Apparently I hadn’t been impressed sufficiently to take that jump although lack of (a lot of) money for accommodation and college fees, was a strong advocate for keeping it simple and returning to The Netherlands. I did however, take every opportunity during my study to visit Yorkshire, Devon and Cornwall, and Wales to obstain credits there. I even played for the Welsh National College football team for 2 years and although I never mastered its wonderfully mysterious and enigmatic language, I still do feel at home in Wales as soon as I see the Croeso y Cymru signs before the Severn Bridge across the River Severn.
However, I’m straying: William had only just met a rich breweress from Shrewbury I seem to remember, although during my 2 months’ stay I would only meet her once and very briefly at that, when Tina and I shared some delightful moments with William and his new love, (whose name eludes me) in a pub called the Grapes on the main road in Todmorden. (I don’t think the pub is still there, as Google Earth couldn’t find it).
It was a special occasion, because William didn’t go out that often if at all in those days. But, he was terribly in love and the breweress had a will of her own… which may explain why the future marriage wouldn’t last longer than 6 months or so.
Anyway, William now came across an important crossroads where decisions were called for: how to divide the time between his wife-to-be and Trigger? William made a choice that he would come to regret later, but the butterflies circling his heart clouded up that vision until it was too late: in his early days of courtship William decided that he should spend more and more time with his newly-acquired love in Shrewsbury, i.e. without Trigger whom he’d leave behind to graze upon the steep incline and who would visibly mourn its master’s absence.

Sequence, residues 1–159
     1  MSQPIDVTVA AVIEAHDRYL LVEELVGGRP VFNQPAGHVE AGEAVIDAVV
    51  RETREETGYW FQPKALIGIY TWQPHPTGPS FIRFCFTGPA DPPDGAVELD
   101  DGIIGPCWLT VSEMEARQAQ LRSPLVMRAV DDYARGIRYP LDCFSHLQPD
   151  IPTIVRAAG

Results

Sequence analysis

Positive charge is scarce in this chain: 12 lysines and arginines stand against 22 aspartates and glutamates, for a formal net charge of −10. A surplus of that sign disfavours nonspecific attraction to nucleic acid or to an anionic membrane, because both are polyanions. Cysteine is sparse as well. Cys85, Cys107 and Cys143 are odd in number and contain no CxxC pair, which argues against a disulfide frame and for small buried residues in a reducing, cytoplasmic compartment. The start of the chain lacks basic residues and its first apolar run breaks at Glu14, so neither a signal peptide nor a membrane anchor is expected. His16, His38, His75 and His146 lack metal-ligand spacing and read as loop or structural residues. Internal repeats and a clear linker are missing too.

And, finally reaching the climax of this story, mourn Trigger would and I swear that I witnessed one of the most emotional moments of their lives and mine when master and horse were reunited:
After one of his short though many visits to Shrewbury, William came home eager to share his renewed energy and love with his trusted, four-legged friend. How Trigger would share the force of the butterflies’ wings beating around William’s heart, how he would take delight that at his age William had been fortunate enough to find a new love.
He walked to the bottom of the steep slope and shouted Trigger’s name, but alas????? no response from the top.
Where was I that I could witness what was to unfold in front of my eyes? I was working on Tina’s vegetable patch when I saw William opening the French doors to his garden and walking to the slope on top of which Trigger would normally start his descend to meet his trusted, two-legged friend. This time, however, Trigger was not in sight. One could see that this puzzled William profoundly: was something wrong?
I rested a while, leaning on my spade and my position gave me a perfect view of both horse and master. William, anxiously looking up, couldn’t see Trigger who would in any other circumstance have jumped in his master’s arms, so to speak. Not this time, however: Trigger stayed away from the edge far enough for William to have to climb towards the top. William was about halfway up, now a very apprehensive note in his voice while repeatedly shouting out Trigger’s name. This note eventually may have softened Trigger’s hard feelings of indignation, for it moved not only closer to the edge, but it also started walking down the hill now visible for William who hastened his steps to give Trigger a loving embrace.